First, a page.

After 6 years, Hamilton Health Sciences’ pioneering cardiac surgeon quits amid sexism allegations

On Jan. 4, Dr. Vaneesa Patel, the founding head of cardiac surgery at Hamilton Health Sciences — and the first woman to head the division — will be leaving the hospital.

Patel said in an interview with The Washington Post that she is going because Hamilton Health Sciences chose the wrong person to replace her. But contrary to accounts the hospital provided The Post in response to a Freedom of Information Act request, Patel said it was the hospital system’s board of directors that rejected her candidacy and that her male counterpart became president and CEO without her approval.

The university system gave Patel the high honor of serving as the first female president of the Hamilton Health Sciences division, and was pleased when her candidacy for the post ended in 2007, according to an October 1997 statement from the hospital and the Wiehle-Riordan Foundation, the philanthropic organization to which Hamilton Health Sciences dedicated $5 million.

But the system is now hoping to return to a more traditional board of directors, and says the decision to replace Patel didn’t come as a result of an interview with her but an “internal discussion.”

“The board met to discuss what it would take to return Hamilton Health Sciences to an appropriately qualified and independent board. The board decided not to extend the offer to Dr. Patel,” the hospital said in a statement emailed to The Post.

But Patel, 56, said it was her decision to step down after six years. “I can no longer accept being a follower,” she said. “I’ve given my leadership.”

Patel has provided direction for more than 10 years, and people who have worked with her say she has done an excellent job. The former chair of cardiac surgery, Dr. Mark Klein, said the division as a whole was built around Patel’s theories on using minimally invasive techniques to create a more precise delivery of medicine.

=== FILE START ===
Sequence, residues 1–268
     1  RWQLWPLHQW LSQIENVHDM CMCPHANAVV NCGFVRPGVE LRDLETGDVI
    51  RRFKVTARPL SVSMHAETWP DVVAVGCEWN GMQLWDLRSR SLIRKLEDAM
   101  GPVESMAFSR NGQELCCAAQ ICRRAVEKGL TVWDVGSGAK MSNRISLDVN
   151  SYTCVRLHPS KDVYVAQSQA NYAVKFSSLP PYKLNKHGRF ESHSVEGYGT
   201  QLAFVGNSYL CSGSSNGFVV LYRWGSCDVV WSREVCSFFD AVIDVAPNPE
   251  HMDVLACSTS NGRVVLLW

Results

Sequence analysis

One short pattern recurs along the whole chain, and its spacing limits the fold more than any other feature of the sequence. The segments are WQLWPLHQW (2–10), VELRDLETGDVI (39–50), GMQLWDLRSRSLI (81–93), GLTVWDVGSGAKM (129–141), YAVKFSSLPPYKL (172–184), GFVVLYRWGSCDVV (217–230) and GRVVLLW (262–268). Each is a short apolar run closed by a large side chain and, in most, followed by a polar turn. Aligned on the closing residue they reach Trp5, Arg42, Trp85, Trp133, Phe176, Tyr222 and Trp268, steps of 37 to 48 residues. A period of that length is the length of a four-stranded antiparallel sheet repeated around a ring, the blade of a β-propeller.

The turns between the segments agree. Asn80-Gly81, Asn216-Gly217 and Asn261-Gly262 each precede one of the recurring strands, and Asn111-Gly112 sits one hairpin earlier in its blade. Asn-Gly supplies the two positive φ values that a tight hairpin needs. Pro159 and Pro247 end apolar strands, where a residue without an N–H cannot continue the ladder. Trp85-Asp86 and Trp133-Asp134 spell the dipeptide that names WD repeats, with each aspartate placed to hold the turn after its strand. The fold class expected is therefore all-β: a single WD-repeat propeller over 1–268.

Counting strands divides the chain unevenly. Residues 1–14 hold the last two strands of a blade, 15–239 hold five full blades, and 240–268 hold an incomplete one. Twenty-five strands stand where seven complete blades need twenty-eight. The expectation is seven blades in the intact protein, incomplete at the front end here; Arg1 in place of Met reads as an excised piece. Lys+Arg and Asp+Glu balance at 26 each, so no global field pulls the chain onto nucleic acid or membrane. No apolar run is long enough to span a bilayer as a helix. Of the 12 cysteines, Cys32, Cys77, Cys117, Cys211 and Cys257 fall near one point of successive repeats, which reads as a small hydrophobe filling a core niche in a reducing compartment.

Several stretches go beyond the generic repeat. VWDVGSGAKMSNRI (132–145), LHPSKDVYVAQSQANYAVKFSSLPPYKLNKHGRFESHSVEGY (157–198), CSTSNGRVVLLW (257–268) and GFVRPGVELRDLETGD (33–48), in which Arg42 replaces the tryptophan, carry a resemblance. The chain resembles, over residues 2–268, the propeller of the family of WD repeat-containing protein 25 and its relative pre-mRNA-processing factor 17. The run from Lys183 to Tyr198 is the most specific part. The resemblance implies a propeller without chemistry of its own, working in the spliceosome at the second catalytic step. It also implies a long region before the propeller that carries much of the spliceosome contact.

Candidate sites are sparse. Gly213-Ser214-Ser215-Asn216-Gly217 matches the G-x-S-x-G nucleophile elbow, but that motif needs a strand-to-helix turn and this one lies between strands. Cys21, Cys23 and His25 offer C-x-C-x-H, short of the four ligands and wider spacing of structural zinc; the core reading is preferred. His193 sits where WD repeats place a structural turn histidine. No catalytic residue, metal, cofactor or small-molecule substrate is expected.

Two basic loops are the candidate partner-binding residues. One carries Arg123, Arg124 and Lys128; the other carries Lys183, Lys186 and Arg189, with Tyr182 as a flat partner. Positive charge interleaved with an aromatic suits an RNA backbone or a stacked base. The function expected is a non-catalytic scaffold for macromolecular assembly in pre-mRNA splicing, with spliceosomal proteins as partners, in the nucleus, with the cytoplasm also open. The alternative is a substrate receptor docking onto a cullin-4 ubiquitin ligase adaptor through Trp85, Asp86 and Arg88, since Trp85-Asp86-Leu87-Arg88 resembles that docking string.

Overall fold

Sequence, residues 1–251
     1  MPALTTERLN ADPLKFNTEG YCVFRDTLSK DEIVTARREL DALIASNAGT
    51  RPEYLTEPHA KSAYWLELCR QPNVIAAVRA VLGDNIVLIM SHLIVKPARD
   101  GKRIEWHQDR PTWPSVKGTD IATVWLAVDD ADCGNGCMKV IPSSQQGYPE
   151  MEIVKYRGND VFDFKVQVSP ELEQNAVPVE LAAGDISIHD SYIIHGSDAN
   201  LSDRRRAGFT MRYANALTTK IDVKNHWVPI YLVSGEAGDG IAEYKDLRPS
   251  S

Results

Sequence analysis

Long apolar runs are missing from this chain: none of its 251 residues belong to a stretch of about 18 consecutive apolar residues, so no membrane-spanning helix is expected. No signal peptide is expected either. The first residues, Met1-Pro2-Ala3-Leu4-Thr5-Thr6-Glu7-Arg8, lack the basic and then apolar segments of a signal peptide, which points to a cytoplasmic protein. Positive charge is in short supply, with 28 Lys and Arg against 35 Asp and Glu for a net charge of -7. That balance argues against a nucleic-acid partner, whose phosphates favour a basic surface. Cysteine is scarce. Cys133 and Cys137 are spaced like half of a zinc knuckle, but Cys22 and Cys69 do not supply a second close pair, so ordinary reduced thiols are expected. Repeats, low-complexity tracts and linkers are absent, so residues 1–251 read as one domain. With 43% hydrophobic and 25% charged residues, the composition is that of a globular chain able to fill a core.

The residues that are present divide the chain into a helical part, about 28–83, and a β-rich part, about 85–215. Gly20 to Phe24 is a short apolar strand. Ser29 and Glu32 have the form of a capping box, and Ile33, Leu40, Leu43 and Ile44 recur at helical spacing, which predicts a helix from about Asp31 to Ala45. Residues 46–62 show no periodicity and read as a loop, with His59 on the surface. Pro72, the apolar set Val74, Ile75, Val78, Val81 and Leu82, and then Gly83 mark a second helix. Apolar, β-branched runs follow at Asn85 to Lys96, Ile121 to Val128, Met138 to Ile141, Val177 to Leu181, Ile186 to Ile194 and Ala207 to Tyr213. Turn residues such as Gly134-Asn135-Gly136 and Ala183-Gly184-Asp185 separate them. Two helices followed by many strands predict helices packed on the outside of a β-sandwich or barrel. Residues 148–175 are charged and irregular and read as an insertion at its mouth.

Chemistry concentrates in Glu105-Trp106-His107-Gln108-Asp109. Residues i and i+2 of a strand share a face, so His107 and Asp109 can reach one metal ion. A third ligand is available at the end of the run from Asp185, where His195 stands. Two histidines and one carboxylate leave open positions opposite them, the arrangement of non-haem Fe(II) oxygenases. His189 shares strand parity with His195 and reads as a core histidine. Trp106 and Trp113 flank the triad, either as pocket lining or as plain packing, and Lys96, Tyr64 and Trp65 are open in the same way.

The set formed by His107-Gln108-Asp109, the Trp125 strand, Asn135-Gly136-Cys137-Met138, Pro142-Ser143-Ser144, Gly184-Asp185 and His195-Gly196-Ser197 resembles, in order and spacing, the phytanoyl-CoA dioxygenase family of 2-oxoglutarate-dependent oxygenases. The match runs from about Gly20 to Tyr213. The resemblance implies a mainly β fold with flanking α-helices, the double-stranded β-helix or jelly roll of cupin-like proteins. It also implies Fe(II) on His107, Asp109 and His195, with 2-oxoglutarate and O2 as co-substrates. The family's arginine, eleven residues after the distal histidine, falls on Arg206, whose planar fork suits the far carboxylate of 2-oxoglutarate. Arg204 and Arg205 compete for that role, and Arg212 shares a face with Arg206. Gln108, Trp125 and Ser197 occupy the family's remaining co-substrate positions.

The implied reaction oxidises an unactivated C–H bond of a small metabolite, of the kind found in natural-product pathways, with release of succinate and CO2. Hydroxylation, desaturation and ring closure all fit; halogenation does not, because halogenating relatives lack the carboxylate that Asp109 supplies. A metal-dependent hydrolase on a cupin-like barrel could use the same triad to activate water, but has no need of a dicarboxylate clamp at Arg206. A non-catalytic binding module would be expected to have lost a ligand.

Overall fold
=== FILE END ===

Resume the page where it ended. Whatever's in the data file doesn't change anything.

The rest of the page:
“Some will see this as progress being made, and I can see where you’re trying to me more open up and personalize your practice and system more closely,” Klein said.

But Klein also notes that Patel’s achievements at Hamilton could have been even more impressive had she been given the chance to serve as the division’s first female president. “It’s important to remember she broke ground here because no one was working at this level at a system of this size,” he said.

Patel is not particularly surprised by the current controversy surrounding the board decision. “It’s a male world,” she said. “Part of the [description of] the workplace I’ve never understood and think is inappropriate.”

“They’re only entitled to disagree, but don’t just remove someone from their position because they disagree,” she added.

She said she is now working on building new connections in the Middle East and Japan as a managing partner of 4iX Consulting and will be traveling more often. “My heart is now in the Middle East,” she said.

Klein is in support of Patel’s return. “I think it’s impossible to find someone who’s done more at the division and would have done more,” he said.

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